This month Spain is hosting the 25th Edition of the United Nations Climate Summit (COP25). The talks were set to be held in Chile, but social unrest including violent protests and rioting in the capital meant the President of Chile had to call them off. However, Spain stepped in and offered to host the Summit in Madrid instead. This was no casual gesture, as the event is expected to cost around USD $100 million and attract between 20,000 and 25,000 delegates from the 197 member countries so the logistics need to be in place to be able to accommodate the attendees.
Where and When
The talks are taking place between 2nd and 13th December and whilst many visitors will fly into Barajas airport, some will be making the journey by boat and land. Greta Thunberg is expected to be one of the attendees at the Feria de Madrid (IFEMA) where the summit is being held, but having sailed across the Atlantic to attend talks in Chile she has now had to make her way back to Europe. As the event attendees will be mostly staying in hotels in and around the capital, this will of course bring in additional income, but by hosting the event to keep the talks on track, Spain is also showing signs that it is open to adopting more ‘climate friendly’ policies.
Although scientific warnings that time is running out to reduce harmful emissions and tackle rising temperatures, are increasing, governments have been slow to react. The 25th Climate Summit is essential for putting the 2015 Paris Agreement, as mentioned in previous articles, in place. The World Health Organization will have a strong involvement in the talks. Other events taking place during the summit include roundtables and action events covering topics such as the food chain; energy; transport; clean water and sanitation; industry etc.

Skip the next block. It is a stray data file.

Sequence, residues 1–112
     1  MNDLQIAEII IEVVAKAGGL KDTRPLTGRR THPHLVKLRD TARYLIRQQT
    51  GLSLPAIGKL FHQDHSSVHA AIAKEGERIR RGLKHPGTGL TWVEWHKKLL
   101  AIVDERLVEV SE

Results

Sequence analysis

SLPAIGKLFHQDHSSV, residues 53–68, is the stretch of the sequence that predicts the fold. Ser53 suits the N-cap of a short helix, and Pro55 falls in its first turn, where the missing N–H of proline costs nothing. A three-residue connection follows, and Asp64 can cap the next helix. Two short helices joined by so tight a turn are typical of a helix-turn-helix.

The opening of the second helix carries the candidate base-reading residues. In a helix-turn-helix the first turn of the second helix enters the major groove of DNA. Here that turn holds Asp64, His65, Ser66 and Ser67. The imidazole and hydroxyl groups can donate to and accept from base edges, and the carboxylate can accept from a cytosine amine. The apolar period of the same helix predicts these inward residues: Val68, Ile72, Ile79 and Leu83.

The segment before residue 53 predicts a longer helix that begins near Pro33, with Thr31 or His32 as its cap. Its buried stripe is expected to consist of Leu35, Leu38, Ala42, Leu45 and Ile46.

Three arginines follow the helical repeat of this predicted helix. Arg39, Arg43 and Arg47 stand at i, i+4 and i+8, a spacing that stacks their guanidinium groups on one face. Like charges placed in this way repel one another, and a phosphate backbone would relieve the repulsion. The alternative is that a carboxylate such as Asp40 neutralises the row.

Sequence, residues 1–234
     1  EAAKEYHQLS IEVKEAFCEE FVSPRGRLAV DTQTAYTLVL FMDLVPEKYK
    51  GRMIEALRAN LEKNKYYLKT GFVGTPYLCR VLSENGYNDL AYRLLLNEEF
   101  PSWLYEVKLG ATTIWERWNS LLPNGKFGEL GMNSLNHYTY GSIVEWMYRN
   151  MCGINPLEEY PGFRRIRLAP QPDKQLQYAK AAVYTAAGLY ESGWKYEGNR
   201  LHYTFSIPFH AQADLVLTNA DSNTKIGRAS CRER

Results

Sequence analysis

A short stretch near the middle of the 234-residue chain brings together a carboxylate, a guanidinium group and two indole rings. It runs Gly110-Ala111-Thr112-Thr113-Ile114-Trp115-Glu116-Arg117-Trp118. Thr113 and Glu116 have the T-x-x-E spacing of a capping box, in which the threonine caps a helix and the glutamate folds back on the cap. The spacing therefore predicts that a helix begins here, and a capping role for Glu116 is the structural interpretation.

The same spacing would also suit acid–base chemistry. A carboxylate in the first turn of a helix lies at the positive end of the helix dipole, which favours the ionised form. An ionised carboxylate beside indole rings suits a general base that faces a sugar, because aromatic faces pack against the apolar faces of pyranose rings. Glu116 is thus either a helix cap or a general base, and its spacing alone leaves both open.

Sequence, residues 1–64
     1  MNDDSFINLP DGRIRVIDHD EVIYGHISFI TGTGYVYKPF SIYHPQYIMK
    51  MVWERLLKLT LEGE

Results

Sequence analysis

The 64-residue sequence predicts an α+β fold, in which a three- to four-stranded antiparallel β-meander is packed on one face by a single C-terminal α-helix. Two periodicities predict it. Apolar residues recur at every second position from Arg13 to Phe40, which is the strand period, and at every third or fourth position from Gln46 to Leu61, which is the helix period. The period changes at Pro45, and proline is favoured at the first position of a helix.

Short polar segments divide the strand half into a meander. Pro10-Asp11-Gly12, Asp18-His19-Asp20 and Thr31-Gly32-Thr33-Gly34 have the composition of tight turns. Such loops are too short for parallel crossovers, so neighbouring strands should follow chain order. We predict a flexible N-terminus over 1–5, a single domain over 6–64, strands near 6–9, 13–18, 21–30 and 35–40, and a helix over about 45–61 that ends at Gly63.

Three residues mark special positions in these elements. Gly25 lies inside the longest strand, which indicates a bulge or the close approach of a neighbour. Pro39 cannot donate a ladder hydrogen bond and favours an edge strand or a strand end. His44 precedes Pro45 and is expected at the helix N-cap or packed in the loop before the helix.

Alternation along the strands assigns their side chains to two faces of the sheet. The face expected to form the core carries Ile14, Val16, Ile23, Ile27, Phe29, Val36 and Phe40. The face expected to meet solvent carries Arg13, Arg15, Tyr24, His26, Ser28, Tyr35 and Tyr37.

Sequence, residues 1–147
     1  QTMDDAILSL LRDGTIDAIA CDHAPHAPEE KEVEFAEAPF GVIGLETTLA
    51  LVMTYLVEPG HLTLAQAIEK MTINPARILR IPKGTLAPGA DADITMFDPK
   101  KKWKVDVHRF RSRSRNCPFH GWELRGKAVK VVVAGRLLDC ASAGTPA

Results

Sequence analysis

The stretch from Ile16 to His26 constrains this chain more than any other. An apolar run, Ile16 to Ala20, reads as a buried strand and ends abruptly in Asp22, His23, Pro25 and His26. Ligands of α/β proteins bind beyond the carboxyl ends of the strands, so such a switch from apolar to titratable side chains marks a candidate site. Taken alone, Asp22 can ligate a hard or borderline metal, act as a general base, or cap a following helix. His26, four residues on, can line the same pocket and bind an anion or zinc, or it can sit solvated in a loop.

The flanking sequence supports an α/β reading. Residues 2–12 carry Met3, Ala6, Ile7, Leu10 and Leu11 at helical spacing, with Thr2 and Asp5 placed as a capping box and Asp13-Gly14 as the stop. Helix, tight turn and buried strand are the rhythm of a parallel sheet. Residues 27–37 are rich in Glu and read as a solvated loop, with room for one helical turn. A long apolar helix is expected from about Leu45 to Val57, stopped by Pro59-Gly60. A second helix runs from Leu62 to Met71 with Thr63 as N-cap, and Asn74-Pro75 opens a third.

Although some key participants think that it is a shame that COP25 is not going to be held in Latin America as originally planned, which would have helped highlight some of the grave climate impacts that affect that region, they are hopeful that those will be kept in mind during the Madrid summit.
At the time of writing, it very much remains to be seen how the outcome of the recent general election in Spain will affect future policies towards Renewable Energy. However, with both main party leaders committed to hosting the talks in Madrid, there is hope that this also demonstrates their commitment to reduce emissions.
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